Estranged Brothers and the Power of a Smile

Posted: January 11, 2016 in Uncategorized

Jacob has good reasons to suppose that Esau, his older twin brother, would not be happy to see him, and could even kill him. It has been over twenty years since he had seen Esau, and they had not parted on the best of terms. Perhaps Esau would remember the day that he came in from the field, famished, and he asked Jacob for some red stew. Jacob agreed to give him stew if Esau would give up his birthright to Jacob. Esau figuring that he would die without the stew agreed, and so he gave to Jacob his right to be recognized as the firstborn son, and being the head of the family. Not a good exchange, and certainly Esau hadn’t forgotten it.

Another time Jacob, with the help of Rebecca his mother, deceived Jacob and Esau’s father Isaac into giving Jacob his blessing and his inheritance. Esau, when he found out what had happened vowed to kill Jacob (Genesis 27:41). Soon after, Jacob fled for his life, and now here it is over 20 years since they had seen one another.

Jacob had reasons to fear. He had lied, deceived, cheated and there before him was his brother Esau, the recipient of Jacob’s deceptions. Jacob had sent men to tell Esau that he was coming and the men came back and said, “We met your brother Esau, and he is already on his way to meet you-with an army of 400 men!” Jacob was terrified at the news (Genesis 32:6,7). Jacob then sent gifts to hopefully appease Esau. Esau had twenty years to nurse a grudge, to stew over Jacob’s betrayal, to plan what he would do if he ever saw his scoundrel brother again. Would he kill Jacob and take his possessions and family? Would he kill them all? Jacob’s mind must have been swirling, and his stomach churning. He had probably run dozens of scenarios of how this could go down, and not one of them was good for him.   The tension must have been oppressive- Today will I die; today will my family be taken from me?

ejThen Jacob went on ahead. As he approached his brother, he bowed to the ground seven times before him. Then Esau ran to meet him and embraced him, and threw his arms around his neck, and kissed him. And they both wept (Genesis 33:3, 4)

Who could have predicted such an encounter? Most would have said that Esau had every right to retribution, but that isn’t what he chooses. We read much about Jacob in scripture, but not so much about Esau.  Here in this meeting of the estranged brothers, Esau receives, forgives and embraces Jacob. We see no hint of him seeking revenge for past hurts.

There is one more thing that I want to mention and that is the smile. Jacob in Genesis 33:10 says to Esau, “And what a relief to see your friendly smile. It is like seeing the face of God.” I’m thinking that every church greeter and usher should have this scripture firmly fixed in their hearts, on their hands, in their voices, in their eyes and, of course, on their faces. Esau didn’t just pretend. His happiness in seeing Jacob, after all these years, showed on his face. Our faces can reveal the meanings of the words that flow from our hearts. To Jacob, the smiling friendly face of Esau told him that Esau words and actions were genuine.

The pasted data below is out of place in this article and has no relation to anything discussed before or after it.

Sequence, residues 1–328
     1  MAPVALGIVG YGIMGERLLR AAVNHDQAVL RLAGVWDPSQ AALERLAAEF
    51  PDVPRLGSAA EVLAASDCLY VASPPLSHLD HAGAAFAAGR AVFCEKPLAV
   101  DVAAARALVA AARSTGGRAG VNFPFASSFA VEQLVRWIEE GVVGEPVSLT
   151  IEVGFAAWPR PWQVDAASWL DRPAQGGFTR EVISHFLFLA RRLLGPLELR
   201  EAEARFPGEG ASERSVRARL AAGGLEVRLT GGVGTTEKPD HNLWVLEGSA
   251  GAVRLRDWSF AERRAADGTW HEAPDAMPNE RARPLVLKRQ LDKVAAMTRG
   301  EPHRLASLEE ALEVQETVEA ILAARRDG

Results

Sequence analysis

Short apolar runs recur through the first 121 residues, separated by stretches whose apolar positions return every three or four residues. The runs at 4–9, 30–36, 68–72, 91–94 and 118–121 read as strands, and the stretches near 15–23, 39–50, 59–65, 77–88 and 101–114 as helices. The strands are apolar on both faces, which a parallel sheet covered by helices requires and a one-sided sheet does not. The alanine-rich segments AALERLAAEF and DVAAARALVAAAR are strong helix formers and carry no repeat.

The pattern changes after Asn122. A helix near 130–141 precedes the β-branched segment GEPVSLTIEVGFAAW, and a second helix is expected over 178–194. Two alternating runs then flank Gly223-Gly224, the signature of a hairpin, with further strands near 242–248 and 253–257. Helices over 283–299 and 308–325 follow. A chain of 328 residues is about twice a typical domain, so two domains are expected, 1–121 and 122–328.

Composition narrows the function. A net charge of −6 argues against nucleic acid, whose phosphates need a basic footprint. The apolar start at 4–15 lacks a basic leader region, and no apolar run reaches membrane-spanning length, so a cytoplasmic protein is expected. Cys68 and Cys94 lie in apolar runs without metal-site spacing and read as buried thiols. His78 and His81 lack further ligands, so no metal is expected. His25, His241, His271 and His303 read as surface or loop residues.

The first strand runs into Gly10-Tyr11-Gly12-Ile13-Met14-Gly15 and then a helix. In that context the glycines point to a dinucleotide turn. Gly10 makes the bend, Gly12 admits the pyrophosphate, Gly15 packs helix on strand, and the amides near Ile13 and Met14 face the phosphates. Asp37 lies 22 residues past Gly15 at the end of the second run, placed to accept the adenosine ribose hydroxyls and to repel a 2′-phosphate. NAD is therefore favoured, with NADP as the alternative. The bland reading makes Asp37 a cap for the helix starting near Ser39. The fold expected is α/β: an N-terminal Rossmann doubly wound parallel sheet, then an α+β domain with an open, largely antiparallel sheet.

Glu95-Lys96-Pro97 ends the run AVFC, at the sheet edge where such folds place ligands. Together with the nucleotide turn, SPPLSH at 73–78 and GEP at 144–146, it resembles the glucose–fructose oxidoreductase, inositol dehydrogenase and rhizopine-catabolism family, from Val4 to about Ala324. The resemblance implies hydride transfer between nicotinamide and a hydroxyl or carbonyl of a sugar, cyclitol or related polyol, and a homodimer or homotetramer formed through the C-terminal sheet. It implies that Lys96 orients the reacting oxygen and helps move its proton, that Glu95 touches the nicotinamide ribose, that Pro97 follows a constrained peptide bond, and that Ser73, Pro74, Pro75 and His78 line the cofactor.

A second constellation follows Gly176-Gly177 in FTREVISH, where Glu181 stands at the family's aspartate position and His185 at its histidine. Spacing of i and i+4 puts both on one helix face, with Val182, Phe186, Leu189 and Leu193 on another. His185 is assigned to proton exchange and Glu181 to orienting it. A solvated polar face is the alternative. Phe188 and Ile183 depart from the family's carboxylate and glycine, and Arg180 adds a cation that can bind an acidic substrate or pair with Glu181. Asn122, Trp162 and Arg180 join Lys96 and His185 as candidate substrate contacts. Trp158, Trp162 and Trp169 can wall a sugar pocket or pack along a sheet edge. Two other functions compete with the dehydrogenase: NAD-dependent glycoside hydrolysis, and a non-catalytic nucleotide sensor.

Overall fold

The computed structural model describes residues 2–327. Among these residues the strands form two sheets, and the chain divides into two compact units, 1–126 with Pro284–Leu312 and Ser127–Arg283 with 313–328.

Jacob knew what he had done. While away for all those years, he was the one who was lied to, deceived and abused by his father-in-law. He knew what it was like and perhaps even thought that he deserved whatever punishment Esau had for him.

Esau, though, did not raise a sword, or spear, or an angry fist toward Jacob.  He met him with a hug, a kiss, tears and with a friendly smile. An example that still stands today.

Lord, illuminate our lives by Your Spirit and Word and reveal to us areas in which we are acting how we want and not how You want. Open our eyes that we may see times when we have treated others with harshness and not grace. Forgive us.  And Lord, help us to understand the power of a friendly smile.

John McHoul

Port au Prince, Haiti





  1. Julia says:

    A beautiful reminder. Thank you!

  2. Becky Huber says:

    I get so frustrated when I am at the grocery store with how unfriendly people have become. There’s no “excuse me” when we cut in front of one another, no friendly smile as we pass in the aisle and no friendly chit chat when we are both standing in the same area. Sometimes I get angry when these things happen and I am tempted to stop trying. This encourages me to keep smiling, even if they don’t smile back. To start up a light conversation with the lady I don’t know in the aisle. And to keep saying “excuse me” even when they don’t give me the time of day. I am a representative of God when I am out and about. I can’t stop smiling. Thanks, John.

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